Well, no they don't. But they may be able to make the case that they can send a less technically adept employee out in the field. "It's been a trend for years to send less and less well-trained individuals out with these trucks, even satellite trucks," said Shook's Raven. "There are getting to be more of these one-man-bands, video journalists [VJs], even some of the big stations are doing it."
Remote control is being forced on some stations in their satellite trucks, where satellite vendors such as ND SatCom or On-Call Communications require that their satellite desks control the equipment on the satellite truck (see "ABC Upgrades SNG, p. 1). "Auto-acquire, auto-peak, auto transmits systems are attached to these services to allow the system to be remotely controlled from the satellite desk," said Wolf Coach's Jennings. "The truck operator doesn't control power up, power down, it's all controlled by the provider."
Steele at Frontline said his company has been rolling a prototype of a hybrid ENG vehicle around the country that's received a lot of interest. It has a mast but requires no hole punched in the roof to mount it, and it uses the vehicle's traction motor battery system to power the broadcasting equipment, eliminating the need for a generator.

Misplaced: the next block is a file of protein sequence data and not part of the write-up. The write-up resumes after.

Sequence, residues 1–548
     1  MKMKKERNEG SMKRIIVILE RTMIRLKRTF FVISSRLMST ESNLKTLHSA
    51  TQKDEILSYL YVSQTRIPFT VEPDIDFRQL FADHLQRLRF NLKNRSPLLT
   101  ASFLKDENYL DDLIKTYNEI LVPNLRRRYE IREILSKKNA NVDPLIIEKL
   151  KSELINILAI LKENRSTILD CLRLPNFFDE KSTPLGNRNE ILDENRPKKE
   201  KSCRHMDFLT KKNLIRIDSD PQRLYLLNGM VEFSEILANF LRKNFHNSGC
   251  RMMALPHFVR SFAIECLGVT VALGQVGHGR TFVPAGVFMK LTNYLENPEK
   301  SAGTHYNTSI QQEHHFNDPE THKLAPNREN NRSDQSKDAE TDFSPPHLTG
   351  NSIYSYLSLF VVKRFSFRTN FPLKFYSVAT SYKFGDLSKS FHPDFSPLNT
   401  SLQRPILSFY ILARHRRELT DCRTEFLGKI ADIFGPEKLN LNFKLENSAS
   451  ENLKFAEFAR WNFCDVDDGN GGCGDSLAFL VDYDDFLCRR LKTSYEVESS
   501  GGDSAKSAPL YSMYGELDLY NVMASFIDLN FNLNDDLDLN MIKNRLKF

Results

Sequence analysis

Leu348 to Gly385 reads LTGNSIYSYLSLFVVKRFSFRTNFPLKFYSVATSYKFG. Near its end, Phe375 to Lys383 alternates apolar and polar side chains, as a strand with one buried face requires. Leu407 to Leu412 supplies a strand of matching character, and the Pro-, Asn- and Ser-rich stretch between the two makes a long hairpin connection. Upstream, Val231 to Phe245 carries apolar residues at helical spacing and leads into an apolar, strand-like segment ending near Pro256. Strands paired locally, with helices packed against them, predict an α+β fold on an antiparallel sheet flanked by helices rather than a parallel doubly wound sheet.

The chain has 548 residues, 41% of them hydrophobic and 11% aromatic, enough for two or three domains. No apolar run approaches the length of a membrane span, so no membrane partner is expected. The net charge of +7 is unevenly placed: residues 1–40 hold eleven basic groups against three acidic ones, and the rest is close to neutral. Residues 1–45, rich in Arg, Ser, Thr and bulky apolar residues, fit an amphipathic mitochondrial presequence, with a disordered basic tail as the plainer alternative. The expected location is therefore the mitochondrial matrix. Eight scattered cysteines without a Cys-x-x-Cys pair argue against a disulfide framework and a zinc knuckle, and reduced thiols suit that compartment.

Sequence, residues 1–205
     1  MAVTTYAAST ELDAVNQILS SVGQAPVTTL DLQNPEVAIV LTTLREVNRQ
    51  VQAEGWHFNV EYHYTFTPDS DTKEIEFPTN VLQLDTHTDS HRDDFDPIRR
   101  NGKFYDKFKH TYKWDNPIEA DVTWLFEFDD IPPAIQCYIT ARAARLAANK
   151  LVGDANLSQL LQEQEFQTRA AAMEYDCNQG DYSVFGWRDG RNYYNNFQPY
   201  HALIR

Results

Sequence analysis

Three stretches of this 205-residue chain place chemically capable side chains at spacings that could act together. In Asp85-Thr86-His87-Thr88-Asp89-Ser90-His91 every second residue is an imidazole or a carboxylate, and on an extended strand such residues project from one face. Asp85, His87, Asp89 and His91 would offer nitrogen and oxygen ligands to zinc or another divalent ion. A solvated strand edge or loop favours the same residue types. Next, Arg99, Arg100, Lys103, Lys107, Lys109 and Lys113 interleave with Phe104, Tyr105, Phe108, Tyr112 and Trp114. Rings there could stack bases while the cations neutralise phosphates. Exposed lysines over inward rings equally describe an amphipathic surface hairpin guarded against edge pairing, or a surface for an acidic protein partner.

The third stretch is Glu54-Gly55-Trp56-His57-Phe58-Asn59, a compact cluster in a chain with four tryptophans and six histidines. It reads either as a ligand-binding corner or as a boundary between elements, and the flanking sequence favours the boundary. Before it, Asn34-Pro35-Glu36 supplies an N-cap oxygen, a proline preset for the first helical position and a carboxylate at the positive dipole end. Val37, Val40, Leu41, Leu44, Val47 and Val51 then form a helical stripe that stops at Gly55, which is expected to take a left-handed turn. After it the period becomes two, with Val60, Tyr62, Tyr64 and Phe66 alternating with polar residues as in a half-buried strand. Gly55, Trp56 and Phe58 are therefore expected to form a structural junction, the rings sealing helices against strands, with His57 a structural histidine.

"We keep getting people offering us checks for it, telling us to take a cab home," he said.
Luckily for the van builders, the U.S. government kind of put a stimulus package in place for them well ahead of the current recession in the form of a lot of orders for command and control vehicles for homeland security. So they're all still building vans, if not so much for TV customers. But the TV van business will likely be back.
"I don't think the news truck is going to go away," said E-N-G's Reed. "People like to be in, out of the rain, be in a secure environment to edit, they like air conditioning,"
What about the journalist with a camcorder and laptop? "Starbucks is going to throw you out on the street if you don't buy enough coffee while you're sitting there editing," he said.